Google has applied the “right to be forgotten” to searches for a BBC blog – amid rising criticism
Google has promised to be clearer in its implementation of the European “right to be forgotten“, after it caused confusion by deleting links to a BBC blog and restoring other links it had deleted after the sites in question protested. The European Union has responded that the ruling does not give EU citizens a right to “Photoshop their lives”.
Google removed search links to a blog, by Robert Peston the BBC’s economics editor along with links to stories on The Guardian, Daily Mail and other sites, following requests made under an ruling that EU citizens have the right to have inaccurate material on themselves removed from Google searches. The Mail and Guardian appealed the Google removal, while the BBC item has led to confusion as to who asked for the material to be removed and why.
Deliberate Google confusion?
Google has been a staunch critic of the European law, implementing it under protest, and some have suggested that its first actions under the law were deliberately clumsy in order to discredit the ruling.
“It is clearly a difficult process,” Google’s European director of communications told the BBC’s Today programme. “We are committed to doing it as responsibly as we possibly can. We are learning as we go. I’m sure we will get better at it and we are very keen to listen to the feedback.”
A 2007 Robert Peston blog entitled “Merrill’s Mess” about the fall of Merrill Lynch was taken out of a very limited Google search links – but only the searches made on European Google sites, and only when those searches include the name of the person who asked for it to be de-listed. The blog post remains online, linked within and outside BBC sites, and is easily found by most Google searches.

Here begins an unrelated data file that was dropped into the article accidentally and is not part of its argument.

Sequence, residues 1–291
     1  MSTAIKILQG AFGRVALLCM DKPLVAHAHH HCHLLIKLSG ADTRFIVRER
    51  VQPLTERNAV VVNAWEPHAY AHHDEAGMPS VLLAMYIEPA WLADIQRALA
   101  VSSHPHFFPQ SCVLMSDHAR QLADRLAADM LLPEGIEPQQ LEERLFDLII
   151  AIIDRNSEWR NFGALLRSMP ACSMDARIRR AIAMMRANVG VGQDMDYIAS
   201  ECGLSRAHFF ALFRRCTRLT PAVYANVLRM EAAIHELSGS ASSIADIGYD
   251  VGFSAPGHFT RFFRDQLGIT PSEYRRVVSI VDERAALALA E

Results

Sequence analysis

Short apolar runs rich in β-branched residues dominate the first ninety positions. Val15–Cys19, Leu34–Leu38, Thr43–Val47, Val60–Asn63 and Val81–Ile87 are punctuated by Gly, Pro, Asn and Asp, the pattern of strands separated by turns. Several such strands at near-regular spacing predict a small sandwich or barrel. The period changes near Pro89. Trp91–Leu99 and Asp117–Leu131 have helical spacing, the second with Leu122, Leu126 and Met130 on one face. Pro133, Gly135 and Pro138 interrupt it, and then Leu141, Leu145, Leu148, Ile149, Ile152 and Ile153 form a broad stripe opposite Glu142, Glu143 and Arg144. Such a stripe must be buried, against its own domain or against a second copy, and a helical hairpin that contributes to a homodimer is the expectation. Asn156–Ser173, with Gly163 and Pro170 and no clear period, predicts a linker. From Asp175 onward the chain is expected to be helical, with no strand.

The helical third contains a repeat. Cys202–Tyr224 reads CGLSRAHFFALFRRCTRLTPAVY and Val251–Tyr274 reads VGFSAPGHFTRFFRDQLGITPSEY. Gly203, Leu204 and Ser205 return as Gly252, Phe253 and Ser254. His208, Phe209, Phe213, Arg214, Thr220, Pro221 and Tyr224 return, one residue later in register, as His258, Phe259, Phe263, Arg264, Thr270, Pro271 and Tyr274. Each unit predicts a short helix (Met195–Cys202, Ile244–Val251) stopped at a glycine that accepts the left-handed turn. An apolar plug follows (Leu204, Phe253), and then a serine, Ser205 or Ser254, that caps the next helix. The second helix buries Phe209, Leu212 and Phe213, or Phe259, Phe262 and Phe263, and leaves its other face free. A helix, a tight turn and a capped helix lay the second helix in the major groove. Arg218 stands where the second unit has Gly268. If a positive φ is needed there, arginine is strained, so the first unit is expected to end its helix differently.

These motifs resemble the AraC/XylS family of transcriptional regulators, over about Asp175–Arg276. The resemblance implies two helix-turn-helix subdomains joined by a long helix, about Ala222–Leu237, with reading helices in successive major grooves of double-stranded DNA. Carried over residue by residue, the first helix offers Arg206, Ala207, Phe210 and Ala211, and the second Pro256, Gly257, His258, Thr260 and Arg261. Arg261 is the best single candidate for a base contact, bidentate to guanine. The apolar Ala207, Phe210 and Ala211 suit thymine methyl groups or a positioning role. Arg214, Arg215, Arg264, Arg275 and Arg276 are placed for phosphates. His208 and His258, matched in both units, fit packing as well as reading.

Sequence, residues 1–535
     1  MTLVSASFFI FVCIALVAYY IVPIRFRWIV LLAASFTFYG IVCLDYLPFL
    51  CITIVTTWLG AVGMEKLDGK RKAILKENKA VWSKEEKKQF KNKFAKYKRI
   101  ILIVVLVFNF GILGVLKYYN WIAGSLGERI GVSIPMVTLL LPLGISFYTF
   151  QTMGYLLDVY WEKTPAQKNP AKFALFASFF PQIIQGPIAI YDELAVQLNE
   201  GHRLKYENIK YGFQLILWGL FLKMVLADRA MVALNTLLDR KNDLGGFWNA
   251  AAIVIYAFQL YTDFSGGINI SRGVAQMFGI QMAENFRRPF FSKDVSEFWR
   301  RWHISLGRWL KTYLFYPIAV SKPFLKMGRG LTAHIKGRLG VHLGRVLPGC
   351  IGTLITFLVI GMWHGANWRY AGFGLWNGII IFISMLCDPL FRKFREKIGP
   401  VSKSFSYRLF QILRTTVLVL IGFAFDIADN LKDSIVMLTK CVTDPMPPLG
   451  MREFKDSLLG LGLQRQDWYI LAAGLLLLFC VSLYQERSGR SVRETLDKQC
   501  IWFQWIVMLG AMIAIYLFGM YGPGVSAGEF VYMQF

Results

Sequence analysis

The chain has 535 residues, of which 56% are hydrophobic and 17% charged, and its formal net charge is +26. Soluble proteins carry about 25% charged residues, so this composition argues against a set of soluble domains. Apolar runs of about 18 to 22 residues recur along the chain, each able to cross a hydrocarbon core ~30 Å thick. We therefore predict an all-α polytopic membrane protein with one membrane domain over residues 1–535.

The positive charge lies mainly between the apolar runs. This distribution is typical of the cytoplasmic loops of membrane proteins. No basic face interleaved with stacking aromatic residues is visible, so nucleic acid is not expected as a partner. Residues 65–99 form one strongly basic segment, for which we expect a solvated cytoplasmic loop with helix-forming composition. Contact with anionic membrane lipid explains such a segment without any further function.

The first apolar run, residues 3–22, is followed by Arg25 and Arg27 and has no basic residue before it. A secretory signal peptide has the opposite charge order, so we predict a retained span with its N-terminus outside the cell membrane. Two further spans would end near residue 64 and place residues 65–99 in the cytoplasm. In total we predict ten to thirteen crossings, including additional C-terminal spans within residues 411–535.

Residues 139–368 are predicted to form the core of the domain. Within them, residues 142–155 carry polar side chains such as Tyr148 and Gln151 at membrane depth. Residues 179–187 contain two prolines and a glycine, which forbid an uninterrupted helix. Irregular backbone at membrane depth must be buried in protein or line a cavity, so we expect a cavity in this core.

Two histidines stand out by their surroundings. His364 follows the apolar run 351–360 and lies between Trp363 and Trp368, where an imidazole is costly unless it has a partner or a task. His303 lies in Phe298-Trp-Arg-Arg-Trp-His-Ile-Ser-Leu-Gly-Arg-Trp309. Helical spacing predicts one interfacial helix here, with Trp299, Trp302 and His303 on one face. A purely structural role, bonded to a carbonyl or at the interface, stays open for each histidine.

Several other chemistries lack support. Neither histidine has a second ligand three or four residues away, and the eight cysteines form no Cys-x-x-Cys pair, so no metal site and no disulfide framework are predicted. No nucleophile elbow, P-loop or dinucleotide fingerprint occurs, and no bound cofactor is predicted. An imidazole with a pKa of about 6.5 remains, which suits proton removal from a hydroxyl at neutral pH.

The BBC and other news sites received notification of stories which had been taken out of Google search results under the right to be forgotten – but these notifications do not say who has requested the removal.
Peston initially thought the take-down was requested by Stan O’Neal, chair of Merrill Lynch in 2007, but as a US citizen, O’Neal would not have been able to make the request. It emerged that the result was taken out on request of a person named in the comments below the story, but Internet users have so far not pinpointed which one, or come up with a convincing reason why any of the commenters could request removal of the result.
Less mysterious is the case of Dougie McDonald, a Scottish football referee who lied about a penalty in the Scottish FA Cup according to stories in the Guardian and Daily Mail, which were taken out of searches on McDonald’s name, and then reinstated after appeals by the two newspapers.
250,000 pages to go?
Google reports having received requests from 70,000 people, after an initial surge of such queries tailed down to about 1000 a day. With each person asking for 3 or 4 links to be removed that could come to more than 250,ooo requests.
Requests are apparently being dealt with by an army of hastily-recruited “paralegals” – non-lawyers given a legal task to do.
Peston claimed he had been “cast into oblivion” (when the reverse was the case), and Ryan Heath, a spokesman for EU vice president Neelie Kroes said Google’s decision on the Peston blog was “not a good judgement” and added that the ruling was not a licence for people to “Photoshop their lives”.